As the cost of computation and connectivity plummets, manufacturers are going to put ‘interactivity’ into every device. Some of this will be trivial: my power adaptor knows its charging history. Some of it will be control related: my television will be grand central for my smart home. But at its heart, we’ll be swimming in world where every device will have ‘an app.’
What does this mean for us as designers and curators of experiences? This talk will discuss how the principles of the open web must apply not only to prototocols but to hardware as well. How can we make sure the menagerie of devices has a chance for working together?
Although we have a complex situation with devices (mobiles), the cloud, apps, companies that run them all… We still think about human<->device and don’t go beyond that.
There’s a relationship triangle between user – device – cloud.
We need to remember “smart devices” can be barely smart. People laugh about the idea of a smart toaster… but what if every device broadcast a URL? Suddenly you have a link to all the information about that make and model of toaster, you have access to support for that toaster… We need to realised how valuable simple things are.
If you go up from the $1 chip to broadcast a URL to $5 for control chips, you can start doing fun things like set your phone to play a fun sound when the toast is ready (“it can play spongbob squarepants for my niece!”).
This gives several types of smart device:
|Swarm||Direct swarm: Sensor based things like carpark space indictators, smart lights, iBeacon||Background swarm: all the devices working together – smart light bulbs that do different things at different times of the day.|
|Device||Direct device: everything we know… phones, consoles…||Background device: Lavatron, Nest – devices that sit on your door handle and let you in without a key. Lavatron does this with bluetooth proximity. Nest only becomes a background device over time.|
The main idea here is to have a vocabulary to discuss the modality of devices and how they move between them. There will be user flows that cross over these modes over time or even during a single interaction if it’s a complex enough process.
Interesting questions arise with devices that have no screen – not to mention the complexity that may occur once a single app or page can be used on multiple screens at once… Also ponder the limit of how many apps we can install, how many single-purpose devices we can manage, how many things we can even do everything manually (or with user input to install an app).
Why mobile apps must die? I just wanted another alternative. People can’t be bothered any more – you put a sign in your store “we’re in the app store!” – people just can’t be bothered.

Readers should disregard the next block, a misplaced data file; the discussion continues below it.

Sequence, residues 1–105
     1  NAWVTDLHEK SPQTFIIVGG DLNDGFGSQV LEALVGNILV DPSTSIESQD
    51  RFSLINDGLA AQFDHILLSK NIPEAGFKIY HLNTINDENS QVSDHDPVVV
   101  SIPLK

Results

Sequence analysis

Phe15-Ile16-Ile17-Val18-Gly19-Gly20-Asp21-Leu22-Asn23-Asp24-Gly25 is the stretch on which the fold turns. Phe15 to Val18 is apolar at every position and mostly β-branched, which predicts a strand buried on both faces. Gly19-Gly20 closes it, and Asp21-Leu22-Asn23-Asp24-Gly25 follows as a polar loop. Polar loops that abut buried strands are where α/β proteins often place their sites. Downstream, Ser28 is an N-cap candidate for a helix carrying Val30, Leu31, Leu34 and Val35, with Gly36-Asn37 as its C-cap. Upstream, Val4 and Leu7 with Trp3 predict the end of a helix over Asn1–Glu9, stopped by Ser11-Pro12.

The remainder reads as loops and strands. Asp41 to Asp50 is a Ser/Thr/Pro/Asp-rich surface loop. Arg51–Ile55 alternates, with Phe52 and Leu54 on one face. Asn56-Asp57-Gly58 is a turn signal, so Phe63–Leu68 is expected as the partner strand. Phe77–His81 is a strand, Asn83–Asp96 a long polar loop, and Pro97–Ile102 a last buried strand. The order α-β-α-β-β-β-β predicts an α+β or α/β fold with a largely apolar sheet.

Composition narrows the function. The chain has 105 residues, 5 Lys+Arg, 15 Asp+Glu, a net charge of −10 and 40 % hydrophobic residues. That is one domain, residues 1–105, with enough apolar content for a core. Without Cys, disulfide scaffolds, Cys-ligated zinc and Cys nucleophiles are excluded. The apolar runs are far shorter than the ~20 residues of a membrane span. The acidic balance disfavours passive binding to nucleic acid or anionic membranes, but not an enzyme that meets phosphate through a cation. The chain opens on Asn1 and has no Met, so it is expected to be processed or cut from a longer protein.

Fundamental rule of UX design: Value > Pain
There has to be more value than pain. You can increase value or decrease pain.
“As a designer, my life is pain. I am a pain reducer.”
Curiously if pain goes down fast enough, value can come down too and yet you still have a successful product. When Google was only on the desktop you used it for important research, now it’s in your pocket you use it for pub trivia arguments.
We’ve seen this before. Yahoo’s directory model didn’t scale, Google killed it. The mobile app model doesn’t scale, something will kill it. “How many people have removed old apps from their phone? Trick question! We all do. We are gardening our phones!”
The web is amazing… but we have attached a command-line interface to the top of it. We type stuff into it. We don’t take advantage of all the sensors in the phone the way apps are doing. The browser should be handling this stuff!
Just In Time (JIT) ecosystem: lots of barely-smart devices broadcasting simple information (a URL) and other smarter devices doing stuff with that.
“The cloud is a complete myth. There are cloudS and they are cranky and don’t like each other.”
Every company sets up their own cloud for every device. But users want their data to be in one place, especially data like personal health data.
There’s not going to be a single killer device, the killer app is going to be a meta app: reasoning over combined data.
Some companies are thinking about this – they’re trying to open up services to collate data. (Spark, PersonalCloud, OwnCloud, Cosm)
People say this can never happen. But if we don’t know what we want we can never move towards it.
Some examples… we forget it took ten years between Netscape and Gmail. Things take time. We forget how crap the web used to be! We need to think a little longer term.
We forget that in the very early days, the walled gardens like AOL were providing a better experience – until the open web blew them away. If we are seeing proprietary devices now, it’s probably just the early days…
Two types of idea:
Malcolm McLean invented the shipping container, which vastly reduced costs and changed shipping forever – then gave it away to ISO, he did end up making a lot of money but not by holding on to a great idea… it was a rising tide that lifted all boats.
If we don’t know what we want, that’s what we’ll get. We need to have a vision for the future and work towards it.